Cleaning down my bike after yesterday's great outing to Cwmcarn, I noticed my front disk rotor was slightly buckled. I'd also noticed yesterday that braking eficiency seemed less than should have been - that was grease they'd managed to get on the rear rotor!

Anyhow, my front wheel wasn't spinning quite as free as I thought it should be. Then I noticed the bearing nuts weren't tight.

Cut a long story short - they'd only cleaned/repacked one side of the hub. The other side was still dirty, but worse still - they managed to drop one of the ball bearings down inside the hub (where it's effectiveness is highly questionable) leaving a deficit of one in the bearing department. Interestingly, another of the ball bearings is very discoloured - burnt, even.

Don't think I'll be using that shop again for servicing.

Rear hub not yet dismantled, but still noisy/graunchy. So I guess I'm going to have to bite the bullet, buy the ness. tools & get on with it. Nothing like diy! :wink:

BTW: The bearings themselves, seem to be about the most basic I've seen: Simply a backplate pressed into the hub, upon which the ball bearings sit. There's then a bearing nut on the spindle which tightens down on the balls, an outer lock nut, and a rubber "cone" to cover it up (pretty poorly). (I'll post some photos tomorrow.) Is this normal for a bike hub/bearing?

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Re: hubs & bearings - the continuing sago

Post by MartinF » Tue Nov 09, 2004 23:32

MartinF wrote:Is this normal for a bike hub/bearing?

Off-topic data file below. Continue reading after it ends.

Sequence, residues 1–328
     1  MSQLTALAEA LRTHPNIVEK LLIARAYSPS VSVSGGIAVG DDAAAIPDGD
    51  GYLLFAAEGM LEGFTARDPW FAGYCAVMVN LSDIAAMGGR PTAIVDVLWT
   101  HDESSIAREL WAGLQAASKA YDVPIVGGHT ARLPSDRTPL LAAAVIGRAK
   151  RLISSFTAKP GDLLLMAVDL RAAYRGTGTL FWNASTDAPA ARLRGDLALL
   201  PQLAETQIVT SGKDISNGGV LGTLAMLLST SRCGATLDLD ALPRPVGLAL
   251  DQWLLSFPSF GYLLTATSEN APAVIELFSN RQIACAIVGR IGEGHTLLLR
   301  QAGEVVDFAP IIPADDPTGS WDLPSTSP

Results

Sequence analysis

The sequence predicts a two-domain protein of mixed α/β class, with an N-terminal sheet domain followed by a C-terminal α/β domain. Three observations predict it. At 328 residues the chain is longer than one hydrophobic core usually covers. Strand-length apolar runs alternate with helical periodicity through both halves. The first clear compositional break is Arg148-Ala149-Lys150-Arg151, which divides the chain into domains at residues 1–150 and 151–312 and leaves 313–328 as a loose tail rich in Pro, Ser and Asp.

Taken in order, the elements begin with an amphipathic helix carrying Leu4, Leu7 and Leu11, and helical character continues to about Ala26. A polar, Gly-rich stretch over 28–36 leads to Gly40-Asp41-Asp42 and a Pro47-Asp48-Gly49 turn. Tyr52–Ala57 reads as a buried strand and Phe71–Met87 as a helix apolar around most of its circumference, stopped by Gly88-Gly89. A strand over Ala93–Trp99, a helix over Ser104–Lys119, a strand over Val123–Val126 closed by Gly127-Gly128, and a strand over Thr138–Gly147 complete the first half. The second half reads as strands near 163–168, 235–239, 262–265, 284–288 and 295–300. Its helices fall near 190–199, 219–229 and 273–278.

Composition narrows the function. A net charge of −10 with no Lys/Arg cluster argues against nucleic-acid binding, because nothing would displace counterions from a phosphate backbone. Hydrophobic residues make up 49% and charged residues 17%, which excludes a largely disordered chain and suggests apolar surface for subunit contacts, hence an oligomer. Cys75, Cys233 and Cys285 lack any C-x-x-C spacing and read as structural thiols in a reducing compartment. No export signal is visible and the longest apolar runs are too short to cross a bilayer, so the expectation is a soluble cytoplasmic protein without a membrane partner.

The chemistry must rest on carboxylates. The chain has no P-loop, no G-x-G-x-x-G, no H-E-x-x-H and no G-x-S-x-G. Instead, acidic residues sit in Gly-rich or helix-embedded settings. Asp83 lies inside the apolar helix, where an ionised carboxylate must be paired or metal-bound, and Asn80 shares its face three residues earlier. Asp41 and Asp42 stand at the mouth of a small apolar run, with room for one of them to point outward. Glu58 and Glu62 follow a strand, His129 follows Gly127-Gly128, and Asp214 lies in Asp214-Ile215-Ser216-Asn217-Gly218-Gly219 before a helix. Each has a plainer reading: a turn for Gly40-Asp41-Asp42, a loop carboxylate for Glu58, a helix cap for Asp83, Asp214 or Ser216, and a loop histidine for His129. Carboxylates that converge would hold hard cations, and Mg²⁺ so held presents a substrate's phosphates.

To answer my own question - "yes, it is". At least on the cheaper end of the market. Reasonable sealed bearing hubs seem to start at around £40. The former is fiddly, but possible to maintain, the latter shouldn't require maintenance, but when it does, can be a dog to remove the bearings.

To add to the sago: The front hub is shot. No question. There's a high spot on the inner ball race race.

Q: Do I replace the hub (~ £17 for a new hub), which necessitates new spokes also, wheel rebuild, spoke tensioning, wheel truing and aligning (~£35 + hub), or do I go for a new wheel?

A: I've plumped for a new hand built wheel - still very much at the cheap end of the market: Shimano Deore hub, Swiss DT spokes, Mavic 717 rim; all built, including postage, for £50. And keep my old wheel for emergencies.

Hopefully should arrive in time for this weekend's Afan trail bash.

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Post by MartinF » Wed Nov 10, 2004 21:44

Rename this thread "MF and the art of mountain bike maintenance" :wink:

The bearings on my original front wheel are now rebuilt & much happier. I took to the bearing surface with 400grit wet & dry paper, repacked with grease on both sides & got exactly 12 * 3/16" ball bearings on each side (better than having only 11 on one side!). It's not entirely noise-free, but has no play at all now & is certainly much better than before the Cwmcarn ride last weekend. If my new wheel doesn't arrive in time, my old one will do fine for the proposed Afan Forest ride this next weekend.

Better still, the wheel now sits further over to one side than before, meaning the disc rotor is now further away from the fork. It previously had so little clearance, it had been wearing the paint off the fork.

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Post by MartinF » Thu Nov 11, 2004 17:06

Respect to Chain Reaction in Northern Ireland. My new wheel arrived today!! Fantastic service.

BUT!!! The disc rotor is once again only about 1.5mm clear of the fork.